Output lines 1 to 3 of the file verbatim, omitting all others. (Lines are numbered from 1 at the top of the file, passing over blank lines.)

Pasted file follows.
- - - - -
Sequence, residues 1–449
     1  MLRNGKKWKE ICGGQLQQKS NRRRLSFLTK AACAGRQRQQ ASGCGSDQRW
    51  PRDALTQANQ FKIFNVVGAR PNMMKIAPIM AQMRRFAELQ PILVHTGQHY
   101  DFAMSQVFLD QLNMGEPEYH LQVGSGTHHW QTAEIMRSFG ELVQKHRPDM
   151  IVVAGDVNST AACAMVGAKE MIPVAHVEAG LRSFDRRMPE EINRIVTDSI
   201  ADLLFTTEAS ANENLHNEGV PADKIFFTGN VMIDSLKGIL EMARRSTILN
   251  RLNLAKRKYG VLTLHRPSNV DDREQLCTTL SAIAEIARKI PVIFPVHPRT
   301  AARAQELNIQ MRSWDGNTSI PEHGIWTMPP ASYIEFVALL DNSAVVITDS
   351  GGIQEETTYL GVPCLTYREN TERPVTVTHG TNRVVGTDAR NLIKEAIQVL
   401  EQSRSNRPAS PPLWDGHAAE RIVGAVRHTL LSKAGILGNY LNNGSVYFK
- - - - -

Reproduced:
Sequence, residues 1–449
     1  MLRNGKKWKE ICGGQLQQKS NRRRLSFLTK AACAGRQRQQ ASGCGSDQRW
    51  PRDALTQANQ FKIFNVVGAR PNMMKIAPIM AQMRRFAELQ PILVHTGQHY